A civil parish is a country subdivision, forming the lowest unit of local government in England. There are 333 civil parishes in the ceremonial county of Cheshire, most of the county being parished. Cheshire East unitary authority is entirely parished. At the 2001 census, there were 565,259 people living in 332 parishes, accounting for 57.5 per cent of the county's population.
Local government in the Republic of Ireland's functions are mostly exercised by thirty-one local authorities, termed County, City, or City and County Councils. The principal decision-making body in each of the thirty-one local authorities is composed of the members of the council, elected by universal franchise in local elections every five years from multi-seat local electoral areas using the single transferable vote. Local authorities are the closest and most accessible form of Government to people in their local community. Many of the authorities' statutory functions are, however, the responsibility of ministerially appointed career officials termed Chief executives. The competencies of the city and county councils include planning, transport infrastructure, sanitary services, public safety and the provision of public libraries.
An electoral division is the smallest legally defined administrative areas in Ireland for which small area population statistics are published from the Census. There are a total of 3,440 electoral divisions in Ireland, with an average population of 1,447 and average area of 20.4 square kilometres. They are used to define local electoral areas for elections to county and city councils and to define constituencies in elections to Dáil Éireann. Until 1994, they were known as district electoral divisions (DED) in the county council areas and wards in the five county boroughs which were then in existence. Electoral divisions are local administrative units within the NUTS system of the European Union.
A poor law union was a geographical territory, and early local government unit, in the United Kingdom and Ireland.
In Ireland, a barony is a historical subdivision of a county, analogous to the hundreds into which the counties of England were divided. Baronies were created during the Tudor reconquest of Ireland, replacing the earlier cantreds formed after the original Norman invasion. Some early baronies were later subdivided into half baronies with the same standing as full baronies.
The wards and electoral divisions in the United Kingdom are electoral districts at sub-national level represented by one or more councillors. The ward is the primary unit of English electoral geography for civil parishes and borough and district councils, electoral ward is the unit used by Welsh principal councils, while the electoral division is the unit used by English county councils and some unitary authorities. Each ward/division has an average electorate of about 5,500 people, but ward-population counts can vary substantially. As at the end of 2014 there were 9,456 electoral wards/divisions in the UK.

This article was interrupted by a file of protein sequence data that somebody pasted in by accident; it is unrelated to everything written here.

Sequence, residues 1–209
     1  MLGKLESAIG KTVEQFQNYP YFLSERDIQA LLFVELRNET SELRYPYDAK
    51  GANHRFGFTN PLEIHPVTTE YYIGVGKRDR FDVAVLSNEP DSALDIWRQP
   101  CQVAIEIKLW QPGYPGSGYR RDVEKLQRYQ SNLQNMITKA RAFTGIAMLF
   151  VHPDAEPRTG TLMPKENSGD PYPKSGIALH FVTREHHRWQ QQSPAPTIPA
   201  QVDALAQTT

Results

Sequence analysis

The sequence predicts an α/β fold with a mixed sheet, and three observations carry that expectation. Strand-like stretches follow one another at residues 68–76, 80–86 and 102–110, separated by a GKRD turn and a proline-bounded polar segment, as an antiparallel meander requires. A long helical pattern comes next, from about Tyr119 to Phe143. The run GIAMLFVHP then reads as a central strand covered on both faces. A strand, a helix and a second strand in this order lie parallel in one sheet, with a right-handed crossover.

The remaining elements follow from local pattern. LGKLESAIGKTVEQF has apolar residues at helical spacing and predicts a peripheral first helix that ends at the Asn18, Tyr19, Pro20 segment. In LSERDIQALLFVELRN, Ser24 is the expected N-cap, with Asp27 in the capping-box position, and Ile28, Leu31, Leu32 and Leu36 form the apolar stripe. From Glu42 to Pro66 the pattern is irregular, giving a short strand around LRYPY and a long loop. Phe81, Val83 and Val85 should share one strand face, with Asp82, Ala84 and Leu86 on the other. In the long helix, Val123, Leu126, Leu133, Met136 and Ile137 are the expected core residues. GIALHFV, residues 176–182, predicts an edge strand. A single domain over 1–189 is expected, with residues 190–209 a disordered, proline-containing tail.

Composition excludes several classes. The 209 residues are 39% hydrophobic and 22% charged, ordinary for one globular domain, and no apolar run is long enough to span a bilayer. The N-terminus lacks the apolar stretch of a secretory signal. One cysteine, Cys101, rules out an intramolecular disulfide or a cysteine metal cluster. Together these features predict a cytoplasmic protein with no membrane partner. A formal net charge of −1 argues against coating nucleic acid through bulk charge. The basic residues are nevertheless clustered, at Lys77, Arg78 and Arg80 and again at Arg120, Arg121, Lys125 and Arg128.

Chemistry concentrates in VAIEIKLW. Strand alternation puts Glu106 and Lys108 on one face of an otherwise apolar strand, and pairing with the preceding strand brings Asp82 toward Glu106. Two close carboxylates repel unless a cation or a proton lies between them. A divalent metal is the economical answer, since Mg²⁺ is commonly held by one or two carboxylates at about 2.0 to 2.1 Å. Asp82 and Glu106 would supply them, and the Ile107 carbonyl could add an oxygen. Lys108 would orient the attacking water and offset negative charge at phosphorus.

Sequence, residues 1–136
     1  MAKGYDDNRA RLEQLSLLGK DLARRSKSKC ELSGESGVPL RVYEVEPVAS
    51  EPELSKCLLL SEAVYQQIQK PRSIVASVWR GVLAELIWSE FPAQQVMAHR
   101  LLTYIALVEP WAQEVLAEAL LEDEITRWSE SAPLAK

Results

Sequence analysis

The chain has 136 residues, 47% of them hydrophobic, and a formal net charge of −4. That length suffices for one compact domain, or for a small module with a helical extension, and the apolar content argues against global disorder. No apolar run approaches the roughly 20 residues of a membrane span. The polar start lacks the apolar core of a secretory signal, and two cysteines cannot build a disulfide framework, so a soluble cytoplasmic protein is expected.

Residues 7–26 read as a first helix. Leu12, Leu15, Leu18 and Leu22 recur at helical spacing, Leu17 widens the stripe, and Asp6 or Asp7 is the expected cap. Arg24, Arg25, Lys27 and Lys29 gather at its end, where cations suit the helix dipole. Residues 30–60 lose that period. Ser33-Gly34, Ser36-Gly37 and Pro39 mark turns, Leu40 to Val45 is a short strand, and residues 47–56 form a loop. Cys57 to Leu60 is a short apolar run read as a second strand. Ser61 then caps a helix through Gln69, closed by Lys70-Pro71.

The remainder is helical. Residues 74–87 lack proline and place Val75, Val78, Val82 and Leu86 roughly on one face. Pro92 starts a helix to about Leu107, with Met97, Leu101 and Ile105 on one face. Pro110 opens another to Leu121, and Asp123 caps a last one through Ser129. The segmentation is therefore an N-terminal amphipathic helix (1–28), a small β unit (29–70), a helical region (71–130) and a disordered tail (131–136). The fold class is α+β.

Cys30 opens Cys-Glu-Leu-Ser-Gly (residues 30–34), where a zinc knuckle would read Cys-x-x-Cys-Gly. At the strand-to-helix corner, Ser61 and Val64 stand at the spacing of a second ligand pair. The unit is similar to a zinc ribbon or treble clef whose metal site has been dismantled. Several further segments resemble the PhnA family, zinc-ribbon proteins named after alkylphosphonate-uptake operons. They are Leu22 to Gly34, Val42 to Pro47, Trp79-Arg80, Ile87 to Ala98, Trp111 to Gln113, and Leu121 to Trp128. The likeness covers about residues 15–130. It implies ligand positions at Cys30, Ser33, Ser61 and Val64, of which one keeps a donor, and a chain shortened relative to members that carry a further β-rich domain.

A civil parish is a country subdivision, forming the lowest unit of local government in England. There are 218 civil parishes in the ceremonial county of Cornwall, which includes the Isles of Scilly. The county is effectively parished in its entirety; only the unpopulated Wolf Rock is unparished. At the 2001 census, there were 501,267 people living in the current parishes, accounting for the whole of the county's population. The final unparished areas of mainland Cornwall, around St Austell, were parished on 1 April 2009 to coincide with the structural changes to local government in England.
Civil parishes are units of territory in the island of Ireland that have their origins in old Gaelic territorial divisions. They were adopted by the Anglo-Norman Lordship of Ireland and then by the Elizabethan Kingdom of Ireland, and were formalised as land divisions at the time of the Plantations of Ireland. They no longer correspond to the boundaries of Roman Catholic or Church of Ireland parishes, which are generally larger. Their use as administrative units was gradually replaced by Poor Law Divisions in the 19th century, although they were not formally abolished. Today they are still sometimes used for legal purposes, such as to locate property in deeds of property registered between 1833 and 1946.
Moycarkey is an electoral division in County Tipperary in Ireland. It was originally an electoral division in the Thurles Poor Law Union in North Tipperary but is still used for various administrative purposes.
Littleton is an electoral division in County Tipperary in Ireland. The code number assigned it by the Central Statistics Office is 22071.
Originally called Burris poor law electoral division, and sometimes called Borrisleigh in the past, this electoral division in County Tipperary in Ireland is now known as Twomileborris.
Rahealty, or Rahelty, is an electoral division in County Tipperary in Ireland.